Marvel’s Social Commentary Through Its Latest TV Series


Courtesy of Disney

“The Falcon and Winter Soldier” is the latest edition to the Marvel universe.

Steven Makino, Staff Writer

  Admittedly, when Marvel Studios first announced over a year ago its slate of upcoming projects, I was cautiously optimistic. The Marvel Cinematic Universe had just culminated its more than decade-long narrative with “Avengers: Endgame,” an unprecedented movie that will no doubt be recognized as a staple of the superhero genre. While “Spider-Man: Far From Home” was released a few months later, there had begun to be a sense of fatigue from a sizable amount of fans –– myself included –– since the previous years had as much as three movies annually in theaters. Luckily, Marvel chose to take a year hiatus, which would end up being extended due to the COVID-19 pandemic. Still, I was still skeptical about how it would continue to keep me engaged but still eager at the prospect of new TV shows. I can safely say that my skepticism was unfounded as “The Falcon and the Winter Soldier” has managed to intrigue me in ways other than just continuing the stories of two Avengers. 

               After the finale of the MCU’s debut show “Wandavision,” I was left thoroughly pleased with the series and wondered if the upcoming show about Avengers Sam Wilson and Bucky Barnes –– whom I personally was indifferent to previously –– would be able to live up to the standard that was set. I am pleased to say that it certainly does but in a different way, as the ongoing show chooses to focus on a real-world issue that had not been present in this fashion beforehand: racial injustice. 

            The series starts off with Wilson struggling with fulfilling his friend’s hope for taking the mantle as his successor. He decides to decline the proposition and proceeds to give Captain America’s iconic shield to the government. Initially, viewers are led to believe that the main reason for this decision was his insecurity of living up to the legacy that Steve Rogers left behind with the shield. However, as the show progresses, we learn more about the history of the shield as the story introduces us to Isaiah Bradley, an African American Korean War veteran who had been given the Super Soldier Serum in the 1950s, similar to Rogers. He used this power to later save prisoners of war. Unlike Rogers, however, he was not praised as a symbol of America due to racial prejudices that plagued the country during that time and instead was held captive by the U.S. government for this action in order for them to experiment on him to see why the serum was effective on him. He was imprisoned for 30 years before being freed and was then relocated to Baltimore having been declared legally dead by the government to cover their tracks. Without going into more details about the show, he was clearly capable of being the next Captain America but was ultimately stripped of this chance on the account of the color of his skin. As a result, he has remained secluded from the public eye living in resentment for the government he pledged his loyalty to in a time when a hero was desperately needed.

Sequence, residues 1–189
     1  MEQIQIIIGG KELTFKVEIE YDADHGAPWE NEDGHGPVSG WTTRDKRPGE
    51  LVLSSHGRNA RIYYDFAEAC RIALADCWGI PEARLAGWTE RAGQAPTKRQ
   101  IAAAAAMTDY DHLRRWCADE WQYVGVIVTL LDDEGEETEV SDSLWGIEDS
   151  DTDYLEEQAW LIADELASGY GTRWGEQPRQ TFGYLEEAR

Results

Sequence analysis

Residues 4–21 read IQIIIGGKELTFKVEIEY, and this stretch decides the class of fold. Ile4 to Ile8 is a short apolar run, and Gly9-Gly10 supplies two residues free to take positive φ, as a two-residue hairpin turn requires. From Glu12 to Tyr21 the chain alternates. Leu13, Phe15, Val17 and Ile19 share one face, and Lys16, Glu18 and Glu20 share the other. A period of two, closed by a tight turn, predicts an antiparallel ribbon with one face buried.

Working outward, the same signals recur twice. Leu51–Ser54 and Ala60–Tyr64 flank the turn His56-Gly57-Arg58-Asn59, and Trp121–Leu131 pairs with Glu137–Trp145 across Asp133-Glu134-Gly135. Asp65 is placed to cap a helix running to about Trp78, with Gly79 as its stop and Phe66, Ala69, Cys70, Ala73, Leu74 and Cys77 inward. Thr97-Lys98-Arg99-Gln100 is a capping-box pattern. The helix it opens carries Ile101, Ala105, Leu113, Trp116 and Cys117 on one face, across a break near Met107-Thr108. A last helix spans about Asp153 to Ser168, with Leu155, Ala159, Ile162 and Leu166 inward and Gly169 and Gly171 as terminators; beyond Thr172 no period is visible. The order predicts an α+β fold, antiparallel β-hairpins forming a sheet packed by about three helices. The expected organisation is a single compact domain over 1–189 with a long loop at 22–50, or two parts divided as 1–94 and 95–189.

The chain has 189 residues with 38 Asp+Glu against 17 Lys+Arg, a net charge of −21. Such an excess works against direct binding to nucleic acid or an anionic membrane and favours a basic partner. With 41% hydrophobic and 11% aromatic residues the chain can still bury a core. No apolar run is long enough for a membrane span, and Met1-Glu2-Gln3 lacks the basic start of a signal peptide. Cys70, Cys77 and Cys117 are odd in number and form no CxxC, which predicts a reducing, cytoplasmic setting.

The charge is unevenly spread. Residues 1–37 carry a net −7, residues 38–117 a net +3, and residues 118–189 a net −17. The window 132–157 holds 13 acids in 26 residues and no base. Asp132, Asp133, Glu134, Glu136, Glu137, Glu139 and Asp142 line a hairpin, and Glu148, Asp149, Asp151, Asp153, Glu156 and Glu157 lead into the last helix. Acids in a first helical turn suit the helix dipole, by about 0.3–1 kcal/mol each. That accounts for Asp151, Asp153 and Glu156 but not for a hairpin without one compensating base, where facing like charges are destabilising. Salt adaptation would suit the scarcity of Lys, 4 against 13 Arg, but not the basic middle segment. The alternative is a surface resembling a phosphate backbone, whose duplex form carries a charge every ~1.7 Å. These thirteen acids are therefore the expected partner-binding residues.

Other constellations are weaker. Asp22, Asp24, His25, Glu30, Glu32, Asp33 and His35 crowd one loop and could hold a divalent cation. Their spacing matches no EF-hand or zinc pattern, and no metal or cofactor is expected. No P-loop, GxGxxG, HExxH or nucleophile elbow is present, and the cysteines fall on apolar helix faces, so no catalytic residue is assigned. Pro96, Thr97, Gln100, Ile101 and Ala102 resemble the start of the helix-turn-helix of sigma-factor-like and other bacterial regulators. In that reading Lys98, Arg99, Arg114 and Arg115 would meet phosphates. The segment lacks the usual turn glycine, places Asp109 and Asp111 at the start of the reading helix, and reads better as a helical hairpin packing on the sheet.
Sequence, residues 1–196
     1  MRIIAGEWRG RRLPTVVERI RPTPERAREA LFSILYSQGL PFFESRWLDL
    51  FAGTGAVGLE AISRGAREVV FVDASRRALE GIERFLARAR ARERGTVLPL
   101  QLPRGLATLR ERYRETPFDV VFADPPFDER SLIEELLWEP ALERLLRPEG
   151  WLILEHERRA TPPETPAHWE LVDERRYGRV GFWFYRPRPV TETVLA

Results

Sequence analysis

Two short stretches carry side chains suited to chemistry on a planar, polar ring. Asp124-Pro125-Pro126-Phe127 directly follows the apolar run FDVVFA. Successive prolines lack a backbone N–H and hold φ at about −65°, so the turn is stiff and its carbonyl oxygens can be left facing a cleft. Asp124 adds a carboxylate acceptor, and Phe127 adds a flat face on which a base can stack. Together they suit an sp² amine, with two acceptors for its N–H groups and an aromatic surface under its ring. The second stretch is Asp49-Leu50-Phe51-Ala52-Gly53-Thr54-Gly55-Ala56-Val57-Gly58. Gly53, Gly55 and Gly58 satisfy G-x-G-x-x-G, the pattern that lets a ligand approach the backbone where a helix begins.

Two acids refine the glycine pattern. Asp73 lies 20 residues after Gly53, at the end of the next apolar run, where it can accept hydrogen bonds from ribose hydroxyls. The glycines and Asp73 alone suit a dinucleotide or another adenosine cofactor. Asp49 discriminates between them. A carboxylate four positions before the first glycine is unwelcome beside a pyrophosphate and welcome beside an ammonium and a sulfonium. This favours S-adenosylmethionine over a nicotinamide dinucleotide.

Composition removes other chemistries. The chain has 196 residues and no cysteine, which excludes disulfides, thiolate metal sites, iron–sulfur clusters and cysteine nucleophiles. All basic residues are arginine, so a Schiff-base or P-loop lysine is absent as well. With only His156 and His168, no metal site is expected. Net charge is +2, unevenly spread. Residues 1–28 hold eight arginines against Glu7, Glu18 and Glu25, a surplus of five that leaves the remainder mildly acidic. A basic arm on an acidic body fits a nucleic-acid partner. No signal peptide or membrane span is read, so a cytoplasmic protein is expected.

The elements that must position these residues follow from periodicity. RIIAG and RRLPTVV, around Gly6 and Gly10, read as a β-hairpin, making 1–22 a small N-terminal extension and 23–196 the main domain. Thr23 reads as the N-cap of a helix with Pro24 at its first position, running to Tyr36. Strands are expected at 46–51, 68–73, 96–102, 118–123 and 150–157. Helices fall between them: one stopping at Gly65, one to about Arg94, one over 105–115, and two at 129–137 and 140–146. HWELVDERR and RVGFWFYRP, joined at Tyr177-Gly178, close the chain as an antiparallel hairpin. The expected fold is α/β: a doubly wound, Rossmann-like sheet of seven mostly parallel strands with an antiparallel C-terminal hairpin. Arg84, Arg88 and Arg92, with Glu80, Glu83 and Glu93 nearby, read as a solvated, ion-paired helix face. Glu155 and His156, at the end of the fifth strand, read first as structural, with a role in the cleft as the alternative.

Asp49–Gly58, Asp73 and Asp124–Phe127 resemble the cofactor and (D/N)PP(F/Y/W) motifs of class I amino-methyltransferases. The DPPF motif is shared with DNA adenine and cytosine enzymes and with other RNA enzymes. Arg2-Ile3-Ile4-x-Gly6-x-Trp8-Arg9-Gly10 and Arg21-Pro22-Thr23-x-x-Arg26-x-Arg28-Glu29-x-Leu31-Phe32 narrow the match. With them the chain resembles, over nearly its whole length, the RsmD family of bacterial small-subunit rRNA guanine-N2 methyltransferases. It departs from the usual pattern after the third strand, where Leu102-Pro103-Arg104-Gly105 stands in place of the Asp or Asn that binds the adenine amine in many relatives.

Wilson, despite being an Avenger, had also been subjected to racial discrimination in his lifetime as an African American, which makes this story way more emotionally impactful. The show manages to convey the idea that even superheroes aren’t immune to the enemy that is racism and manages to add a layer of depth that I never expected a show like this to take –– and I love it. It adds more complexity to the main character in a way that feels mostly natural while cleverly addressing issues in the nation today with the recent police killings and overarching issue of racism that have sadly been prominent in recent years. 

           When talking to Wilson, Bradley said, “You think things are different? You think times are different?” This statement makes Wilson, myself and likely many other views reflect upon the history of the country and how like the shield, it has a complicated and rather dark past. Wilson’s hesitation to be the next “Captain America” becomes a more understandable conflict as not only does he feel he cannot fill his best friend’s shoes, but also he wonders if the world is ready for a black iteration of the “symbol of hope” and whether the nation would even accept him. This show is not without its flaws but portrays one of the strongest character arcs in the MCU and is definitely worth a watch. While the show will release its series finale this Friday on Disney+, I want Wilson to end up taking on the mantle as the next Captain America not only because I feel he is more than worthy of the position, but I see him as a symbol of hope that the country has genuinely learned from its past and on the path towards positive change.